Half-million-year-old elephant’s tusk found in Israel
Jerusalem, Aug 31 (EFE).- The Israel Antiquities Authority announced Wednesday the discovery of a complete elephant’s tusk 2.5 meters (8.2 feet) long dating to half a million years ago.
The straight tusk belonged to a member of the long-extinct Palaeoloxodon antiquus species and was unearthed near the Revadim kibbutz in Israel’s southern plains during a joint excavation with researchers from Tel Aviv University and Ben-Gurion University.
Although at present Israel’s central plain is near the Negev Desert and quite arid, half a million years ago, when these ancient elephants lived, the area is thought to have been a swamp or a shallow lake, an ideal habitat for ancient hominids that apparently hunted these beasts.
The discovery “sheds new light on the fascinating life of prehistoric humanity,” said the AAI, whose archaeologists, paleontologists and other officials have analyzed the find.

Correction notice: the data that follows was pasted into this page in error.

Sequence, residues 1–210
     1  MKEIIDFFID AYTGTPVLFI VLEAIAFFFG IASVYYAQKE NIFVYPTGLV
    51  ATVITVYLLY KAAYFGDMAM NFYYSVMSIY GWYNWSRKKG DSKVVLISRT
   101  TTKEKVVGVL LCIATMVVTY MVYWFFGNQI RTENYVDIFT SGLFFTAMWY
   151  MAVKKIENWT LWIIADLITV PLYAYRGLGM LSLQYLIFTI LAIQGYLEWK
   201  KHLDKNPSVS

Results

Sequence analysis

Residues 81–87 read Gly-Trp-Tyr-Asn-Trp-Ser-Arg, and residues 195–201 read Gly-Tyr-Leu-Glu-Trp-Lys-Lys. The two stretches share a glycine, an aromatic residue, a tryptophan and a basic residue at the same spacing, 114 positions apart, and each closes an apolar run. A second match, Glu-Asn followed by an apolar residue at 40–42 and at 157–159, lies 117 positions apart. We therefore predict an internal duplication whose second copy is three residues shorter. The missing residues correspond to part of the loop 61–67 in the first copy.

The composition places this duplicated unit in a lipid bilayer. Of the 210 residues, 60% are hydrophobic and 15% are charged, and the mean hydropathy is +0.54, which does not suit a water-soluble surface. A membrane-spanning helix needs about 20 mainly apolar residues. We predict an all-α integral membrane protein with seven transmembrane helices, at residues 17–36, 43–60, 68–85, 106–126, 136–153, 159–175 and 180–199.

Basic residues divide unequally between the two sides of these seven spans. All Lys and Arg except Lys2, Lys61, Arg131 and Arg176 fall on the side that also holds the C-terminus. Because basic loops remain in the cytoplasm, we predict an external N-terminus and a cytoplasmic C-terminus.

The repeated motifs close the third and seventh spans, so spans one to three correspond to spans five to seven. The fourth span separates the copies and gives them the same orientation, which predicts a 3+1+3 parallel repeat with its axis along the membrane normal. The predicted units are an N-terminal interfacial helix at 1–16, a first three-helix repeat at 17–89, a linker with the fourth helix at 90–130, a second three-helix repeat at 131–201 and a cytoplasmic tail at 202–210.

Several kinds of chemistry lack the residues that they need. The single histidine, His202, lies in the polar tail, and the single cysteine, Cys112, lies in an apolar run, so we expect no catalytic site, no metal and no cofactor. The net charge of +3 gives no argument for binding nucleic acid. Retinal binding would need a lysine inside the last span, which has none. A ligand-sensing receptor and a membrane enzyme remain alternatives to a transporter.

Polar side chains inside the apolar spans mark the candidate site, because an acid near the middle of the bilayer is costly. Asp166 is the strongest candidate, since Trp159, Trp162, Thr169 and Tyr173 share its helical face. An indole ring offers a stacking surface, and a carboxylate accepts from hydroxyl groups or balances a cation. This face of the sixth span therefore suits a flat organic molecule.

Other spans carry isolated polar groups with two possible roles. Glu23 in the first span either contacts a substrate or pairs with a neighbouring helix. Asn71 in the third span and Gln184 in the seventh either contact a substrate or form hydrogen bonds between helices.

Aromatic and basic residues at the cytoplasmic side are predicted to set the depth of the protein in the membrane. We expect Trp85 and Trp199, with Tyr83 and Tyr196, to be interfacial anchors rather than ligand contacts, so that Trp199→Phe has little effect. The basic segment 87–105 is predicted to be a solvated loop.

The tusk is “exceptionally well preserved” because it was buried for hundreds of thousands of years.
Dr. Eitan Mor, a biologist working in Jerusalem, was the first researcher to come across the tusk while he was visiting the area out of curiosity after reading about prehistoric elephants. “To my surprise,” he said, “I spotted something that looked like a large animal bone peeping out of the ground. When I looked closer, I realized that it was the real thing”
Mor rushed to report the find to the AAI, which launched an intensive two-week investigation dubbed “Operation Elephant” to unearth the tusk.
AAI prehistorian Avi Levy said that stone and flint tools dating to the Late Lower Paleolithic period have been discovered in the area where the tusk was found, along with animal bones, including elephants, “But finding this half-a-million-year-old complete elephant tusk in such a good condition is something else!”
He added that it is “the largest complete fossil tusk ever found at a prehistoric site in Israel or the Near East.”
This species of straight-tusked elephants, which only lived in a few places and were larger than modern-day African elephants, appeared in the region about 800,000 years ago became extinct 400,000 years later. They coexisted with other large mammals, including wild cattle, hippopotamuses, deer, wild boars and wild horses.